Famous mining entrepreneur Robert Friedland says he is confident Rio Tinto can mend its troubled relationship with the Mongolian Government and turn the Oyu Tolgoi project into the world’s best copper mine.
A colourful speech to an audience in Melbourne, Mr Friedland likened the process of developing a mine to a painful birth, and expressed confidence that Rio and Mongolia would sort out their differences.
Mr Friedland played a significant role in the development of Oyu Tolgoi, with his company Ivanhoe Mines leading the process until Rio acquired just over half of Ivanhoe in a bid to get control of the mine.
Development of the second stage of Oyu Tolgoi has been delayed for more than a year on the back of multiple disputes between Rio and the Mongolian government, and just this week Rio published a new feasibility study for the $US5.4 billion expansion which found it would cost more and recover copper at slower rates than before.
Funding commitments for the expansion from a syndicate of banks expire on September 30, but despite that pressure, Mr Friedland said Oyu Tolgoi would eventually be delivered.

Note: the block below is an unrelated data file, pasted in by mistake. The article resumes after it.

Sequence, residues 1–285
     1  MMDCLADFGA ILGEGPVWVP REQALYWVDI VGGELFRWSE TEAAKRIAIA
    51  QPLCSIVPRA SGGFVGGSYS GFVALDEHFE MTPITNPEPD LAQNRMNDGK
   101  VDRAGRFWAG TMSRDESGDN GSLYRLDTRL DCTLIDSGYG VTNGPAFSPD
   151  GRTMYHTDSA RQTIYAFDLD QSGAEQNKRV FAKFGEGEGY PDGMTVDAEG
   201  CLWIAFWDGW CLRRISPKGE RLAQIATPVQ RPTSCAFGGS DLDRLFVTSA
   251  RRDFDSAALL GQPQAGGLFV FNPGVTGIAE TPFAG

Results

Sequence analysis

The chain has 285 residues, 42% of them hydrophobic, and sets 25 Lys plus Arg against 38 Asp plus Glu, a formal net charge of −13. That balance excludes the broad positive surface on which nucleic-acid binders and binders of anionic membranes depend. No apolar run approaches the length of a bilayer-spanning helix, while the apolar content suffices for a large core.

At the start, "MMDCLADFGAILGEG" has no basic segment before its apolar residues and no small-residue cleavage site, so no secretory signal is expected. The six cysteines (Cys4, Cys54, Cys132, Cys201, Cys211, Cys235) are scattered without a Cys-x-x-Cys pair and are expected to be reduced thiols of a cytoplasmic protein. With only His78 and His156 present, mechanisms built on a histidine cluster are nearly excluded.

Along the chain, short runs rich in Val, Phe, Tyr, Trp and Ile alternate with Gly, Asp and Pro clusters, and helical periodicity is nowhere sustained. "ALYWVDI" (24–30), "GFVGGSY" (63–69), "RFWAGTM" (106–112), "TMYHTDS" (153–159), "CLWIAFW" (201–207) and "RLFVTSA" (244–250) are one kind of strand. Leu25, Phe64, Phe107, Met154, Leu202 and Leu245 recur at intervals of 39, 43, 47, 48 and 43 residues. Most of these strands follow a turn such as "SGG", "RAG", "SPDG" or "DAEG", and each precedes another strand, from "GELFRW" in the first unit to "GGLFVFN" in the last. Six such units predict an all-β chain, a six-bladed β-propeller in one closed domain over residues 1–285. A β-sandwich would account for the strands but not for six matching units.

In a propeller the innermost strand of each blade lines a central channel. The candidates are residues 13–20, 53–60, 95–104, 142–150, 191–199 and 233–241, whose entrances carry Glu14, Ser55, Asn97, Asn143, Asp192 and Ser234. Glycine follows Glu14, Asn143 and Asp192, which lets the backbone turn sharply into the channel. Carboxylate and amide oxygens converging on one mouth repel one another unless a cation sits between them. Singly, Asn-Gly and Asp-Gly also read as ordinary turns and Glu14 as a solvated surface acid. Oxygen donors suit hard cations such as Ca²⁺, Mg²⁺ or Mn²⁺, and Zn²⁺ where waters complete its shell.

“I want to express great confidence in the inevitability that all parties at Oyu Tolgoi will continue with the expansion, there is a virtual certainty that the mine will be expanded,” he said.
“A truly world class mine is like a woman having a 100 kilogram baby; it is painful, it takes time.
“I believe this will ultimately become the world’s best copper and gold mine.”
In typically controversial style, Mr Friedland described those who oppose mining projects as “twisted deviants” and said some had become too detached from the supply chains that deliver common objects.
“People have forgotten where things come from, some people don’t understand you either grow it, or you mine it if you touch it or use it,” he said.
“This is an election year here in the (Victorian) state government on the 29th of November, there is an important election, please vote for the handsome intelligent people that understand where things come from.”
While speaking about the trend toward greater scrutiny of the way companies manufacture goods and source labour, Mr Friedland likened the scrutiny to a “rectal examination”.
When describing the strong demand for sulfuric acid from oxide copper mines in the Democratic Republic of Congo, Mr Friedland said those operations were “like heroin junkies”.
Since Rio took control of Oyu Tolgoi, Mr Friedland and the Ivanhoe team have focused on the pursuit of copper, zinc, platinum and other metals in the Democratic Republic of Congo and South Africa.
He said the air pollution problems in big cities was a more imminent problem than climate change, and would drive strong demand for cars and power sources that were less polluting, and by extension, minerals like platinum.
SOURCE: The Sidney Morning Herald